Maryland’s Innovative Health Reforms Curb Costs While Improving Quality and Equity

Maryland’s Innovative Health Reforms Curb Costs While Improving Quality and Equity

Apr 10, 2024
Doctor and Patient

Maryland leads the nation in statewide health reforms that combine accountability for health care costs and quality with hospital global budgets and investments in primary care. A new report from Mathematica finds the Maryland Total Cost of Care Model has reduced Medicare fee-for-service spending by 2.1 percent in its first four years. The model also substantially improved all six of the service use and related quality measures examined and narrowed disparities by race and place.

“Maryland’s unique approach to hospital payment and delivery reform has largely been favorable, not only for controlling costs but also for patients,” said Greg Peterson, project director and senior fellow at Mathematica. “State and federal policymakers will be watching to see the impacts of the latest efforts to bring primary care providers and specialists into the global budget model as they consider their own reforms.”

Under the Maryland Total Cost of Care Model, the state has committed to save $2 billion in Medicare spending over eight years and to meet goals for health care quality and population health. This model, which started in 2019, builds on the Maryland All-Payer Model (2014–2018). That model began all-payer hospital global budgets, which provided hospitals with a fixed amount of revenue for the upcoming year. The Maryland Total Cost of Care Model continues global budgets and expands state accountability beyond hospitals to incorporate total Medicare spending and population health goals. This includes new investments in primary care and incentives to a range of providers outside of hospitals.

Mathematica’s analysis found the model reduced hospital spending by 6.1 percent, hospital admissions by 16.2 percent, outpatient emergency department visits by 5.9 percent, and preventable admissions by 16.8 percent over the first four years. The model narrowed disparities between Black and White beneficiaries by 26 to 40 percent for unplanned readmissions, preventable admissions, and timely follow-up. Disparities between those living in areas with higher and lower Social Vulnerability Index scores narrowed by 19 to 31 percent. These effects represent the combined effects of all the changes made by the Centers for Medicare & Medicaid Services and Maryland since 2014.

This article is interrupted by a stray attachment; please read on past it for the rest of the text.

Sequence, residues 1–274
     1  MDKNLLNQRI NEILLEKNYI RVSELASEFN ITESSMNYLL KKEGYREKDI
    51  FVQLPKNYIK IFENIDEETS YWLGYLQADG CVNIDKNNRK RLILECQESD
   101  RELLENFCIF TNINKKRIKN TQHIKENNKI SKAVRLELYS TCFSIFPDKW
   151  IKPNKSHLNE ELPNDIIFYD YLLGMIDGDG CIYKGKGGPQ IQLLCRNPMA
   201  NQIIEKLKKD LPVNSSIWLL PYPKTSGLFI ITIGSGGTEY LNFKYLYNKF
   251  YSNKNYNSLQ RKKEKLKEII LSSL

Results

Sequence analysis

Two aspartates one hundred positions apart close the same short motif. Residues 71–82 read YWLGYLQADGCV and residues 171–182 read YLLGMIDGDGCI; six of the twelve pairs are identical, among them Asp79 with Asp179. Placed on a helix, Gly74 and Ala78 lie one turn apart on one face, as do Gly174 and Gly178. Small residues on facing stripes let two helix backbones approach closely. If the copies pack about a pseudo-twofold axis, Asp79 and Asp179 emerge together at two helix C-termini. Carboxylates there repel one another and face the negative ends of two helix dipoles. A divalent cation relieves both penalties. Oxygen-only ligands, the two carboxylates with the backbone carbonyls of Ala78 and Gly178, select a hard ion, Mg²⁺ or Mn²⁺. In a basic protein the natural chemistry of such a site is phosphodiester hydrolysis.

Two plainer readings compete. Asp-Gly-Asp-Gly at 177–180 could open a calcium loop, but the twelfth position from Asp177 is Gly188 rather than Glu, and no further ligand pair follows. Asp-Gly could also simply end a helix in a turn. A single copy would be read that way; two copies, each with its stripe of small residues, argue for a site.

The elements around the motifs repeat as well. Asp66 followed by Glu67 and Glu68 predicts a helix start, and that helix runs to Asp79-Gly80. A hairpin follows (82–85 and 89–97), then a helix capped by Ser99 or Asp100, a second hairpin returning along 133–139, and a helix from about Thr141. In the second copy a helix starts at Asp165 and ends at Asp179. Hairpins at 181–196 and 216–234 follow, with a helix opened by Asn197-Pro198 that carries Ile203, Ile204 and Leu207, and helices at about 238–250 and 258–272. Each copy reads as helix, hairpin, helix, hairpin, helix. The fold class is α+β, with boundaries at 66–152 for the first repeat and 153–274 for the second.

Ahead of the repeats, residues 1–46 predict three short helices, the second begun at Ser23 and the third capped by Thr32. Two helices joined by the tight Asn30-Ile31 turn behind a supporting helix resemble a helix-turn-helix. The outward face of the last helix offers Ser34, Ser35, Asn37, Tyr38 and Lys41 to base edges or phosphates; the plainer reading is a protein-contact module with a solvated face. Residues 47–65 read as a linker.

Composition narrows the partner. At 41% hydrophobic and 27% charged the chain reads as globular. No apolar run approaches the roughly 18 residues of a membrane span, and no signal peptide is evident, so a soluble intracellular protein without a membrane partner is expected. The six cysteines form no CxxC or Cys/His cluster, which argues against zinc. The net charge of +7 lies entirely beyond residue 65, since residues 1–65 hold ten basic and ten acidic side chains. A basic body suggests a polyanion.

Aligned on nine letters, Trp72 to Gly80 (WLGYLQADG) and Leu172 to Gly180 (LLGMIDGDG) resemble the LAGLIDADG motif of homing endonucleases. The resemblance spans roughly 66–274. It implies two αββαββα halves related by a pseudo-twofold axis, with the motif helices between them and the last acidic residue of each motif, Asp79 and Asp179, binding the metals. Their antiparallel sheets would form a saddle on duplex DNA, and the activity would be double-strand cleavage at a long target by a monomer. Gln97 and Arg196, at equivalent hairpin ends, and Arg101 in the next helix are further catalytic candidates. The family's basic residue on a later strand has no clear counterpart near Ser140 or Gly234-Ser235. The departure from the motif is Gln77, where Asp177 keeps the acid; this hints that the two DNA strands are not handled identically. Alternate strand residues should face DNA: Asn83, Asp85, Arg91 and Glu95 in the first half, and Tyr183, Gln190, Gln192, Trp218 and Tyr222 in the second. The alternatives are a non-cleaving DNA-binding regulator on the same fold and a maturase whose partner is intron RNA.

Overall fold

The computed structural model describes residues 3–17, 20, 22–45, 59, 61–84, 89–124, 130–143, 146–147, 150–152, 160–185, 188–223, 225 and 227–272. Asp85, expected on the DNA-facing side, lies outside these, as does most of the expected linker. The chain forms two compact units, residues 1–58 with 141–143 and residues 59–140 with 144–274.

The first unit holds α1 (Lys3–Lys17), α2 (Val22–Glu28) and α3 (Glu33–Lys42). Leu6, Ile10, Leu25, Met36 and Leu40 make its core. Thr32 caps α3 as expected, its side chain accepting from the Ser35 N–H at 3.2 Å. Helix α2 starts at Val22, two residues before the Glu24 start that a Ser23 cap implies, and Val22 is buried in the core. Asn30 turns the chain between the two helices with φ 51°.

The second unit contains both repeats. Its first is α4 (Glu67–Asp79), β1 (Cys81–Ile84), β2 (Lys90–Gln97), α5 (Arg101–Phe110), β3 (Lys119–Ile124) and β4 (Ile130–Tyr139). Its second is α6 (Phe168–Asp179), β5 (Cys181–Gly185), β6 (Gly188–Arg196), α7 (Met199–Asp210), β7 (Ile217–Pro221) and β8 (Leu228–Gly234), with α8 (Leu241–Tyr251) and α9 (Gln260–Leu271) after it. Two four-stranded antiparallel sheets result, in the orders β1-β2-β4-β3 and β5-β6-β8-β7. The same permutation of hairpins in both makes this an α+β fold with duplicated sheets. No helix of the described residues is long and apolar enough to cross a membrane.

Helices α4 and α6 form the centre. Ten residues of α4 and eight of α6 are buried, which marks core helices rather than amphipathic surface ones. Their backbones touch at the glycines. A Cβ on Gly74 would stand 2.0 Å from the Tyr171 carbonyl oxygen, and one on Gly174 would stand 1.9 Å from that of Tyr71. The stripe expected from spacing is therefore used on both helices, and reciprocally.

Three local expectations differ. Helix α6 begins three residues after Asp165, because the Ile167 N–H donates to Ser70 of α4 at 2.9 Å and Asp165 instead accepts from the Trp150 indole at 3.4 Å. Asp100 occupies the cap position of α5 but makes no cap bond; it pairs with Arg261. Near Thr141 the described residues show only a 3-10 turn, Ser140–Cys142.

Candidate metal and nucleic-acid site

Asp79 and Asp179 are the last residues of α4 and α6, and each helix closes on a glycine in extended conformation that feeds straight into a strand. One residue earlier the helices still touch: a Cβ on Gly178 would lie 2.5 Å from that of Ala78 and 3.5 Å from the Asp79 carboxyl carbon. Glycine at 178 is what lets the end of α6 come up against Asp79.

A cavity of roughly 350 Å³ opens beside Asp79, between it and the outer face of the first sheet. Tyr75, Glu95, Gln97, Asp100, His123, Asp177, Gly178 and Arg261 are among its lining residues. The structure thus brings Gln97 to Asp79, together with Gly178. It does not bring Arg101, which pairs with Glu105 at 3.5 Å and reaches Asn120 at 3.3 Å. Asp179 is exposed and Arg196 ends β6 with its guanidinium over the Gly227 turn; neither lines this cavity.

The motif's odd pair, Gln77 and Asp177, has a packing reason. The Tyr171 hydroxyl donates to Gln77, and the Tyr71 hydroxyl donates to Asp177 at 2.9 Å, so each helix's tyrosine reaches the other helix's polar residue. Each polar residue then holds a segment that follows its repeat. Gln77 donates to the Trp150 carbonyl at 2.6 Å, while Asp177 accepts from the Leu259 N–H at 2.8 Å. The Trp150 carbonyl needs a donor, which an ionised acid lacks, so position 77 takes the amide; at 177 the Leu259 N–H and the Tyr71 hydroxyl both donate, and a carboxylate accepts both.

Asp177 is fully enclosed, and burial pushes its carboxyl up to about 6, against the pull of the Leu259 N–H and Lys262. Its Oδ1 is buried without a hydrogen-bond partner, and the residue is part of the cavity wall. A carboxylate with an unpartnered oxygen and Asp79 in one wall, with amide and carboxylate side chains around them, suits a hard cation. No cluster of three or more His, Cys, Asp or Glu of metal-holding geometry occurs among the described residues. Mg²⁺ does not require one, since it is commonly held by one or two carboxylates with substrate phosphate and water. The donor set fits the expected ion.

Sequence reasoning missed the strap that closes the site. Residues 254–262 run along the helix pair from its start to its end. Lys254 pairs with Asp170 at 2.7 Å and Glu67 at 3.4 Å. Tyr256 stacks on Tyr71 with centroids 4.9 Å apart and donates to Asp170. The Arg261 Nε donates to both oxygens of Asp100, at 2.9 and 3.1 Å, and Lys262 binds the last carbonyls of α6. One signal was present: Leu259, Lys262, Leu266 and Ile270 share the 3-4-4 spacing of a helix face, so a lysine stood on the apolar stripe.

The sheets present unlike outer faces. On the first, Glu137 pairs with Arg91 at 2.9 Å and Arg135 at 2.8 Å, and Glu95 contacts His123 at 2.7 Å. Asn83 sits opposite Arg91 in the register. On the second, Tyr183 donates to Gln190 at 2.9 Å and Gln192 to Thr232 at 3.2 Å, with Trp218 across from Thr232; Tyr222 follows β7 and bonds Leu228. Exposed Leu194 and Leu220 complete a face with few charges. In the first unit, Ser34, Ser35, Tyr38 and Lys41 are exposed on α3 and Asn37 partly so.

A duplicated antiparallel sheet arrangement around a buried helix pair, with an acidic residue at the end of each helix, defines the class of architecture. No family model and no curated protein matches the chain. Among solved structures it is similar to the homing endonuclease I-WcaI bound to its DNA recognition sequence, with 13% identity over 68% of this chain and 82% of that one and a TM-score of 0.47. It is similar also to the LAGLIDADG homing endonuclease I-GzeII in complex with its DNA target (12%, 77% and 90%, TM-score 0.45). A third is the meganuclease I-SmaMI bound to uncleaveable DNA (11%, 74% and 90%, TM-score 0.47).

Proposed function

The model also sought to strengthen primary care through the Maryland Primary Care Program. The study found this program improved timely follow-up after exacerbation of chronic conditions and might have reduced admissions, but did not result in measurable savings. Many practices interviewed for the study reported the program advanced their long-term capacities to deliver comprehensive primary care, such as assessing health-related social needs.

Though the model generated $689 million in net savings to Medicare in the first three years, the effects on savings have gotten smaller over time. The study attributed the decline in savings to increases in non-hospital spending and insufficient hospital savings after 2019, in part because the model effectively prioritized stability of hospital funding during and after the COVID-19 pandemic over generating larger hospital savings. Similarly, since 2019, the model has maintained, but not significantly improved, service use and quality outcomes.

Maryland’s experience can help guide other states selected to participate in the Centers for Medicare & Medicaid Services’ new States Advancing All-Payer Health Equity Approaches and Development Model, or AHEAD Model. The first group of states will begin the planning phase of their models for all-payer hospital global budgets and primary care investments this summer.

The CMS Innovation Center contracted Mathematica to conduct the evaluation of the Maryland Total Cost of Care Model. Learn more about Mathematica's evaluation and read the full report and a Findings at a Glance summary.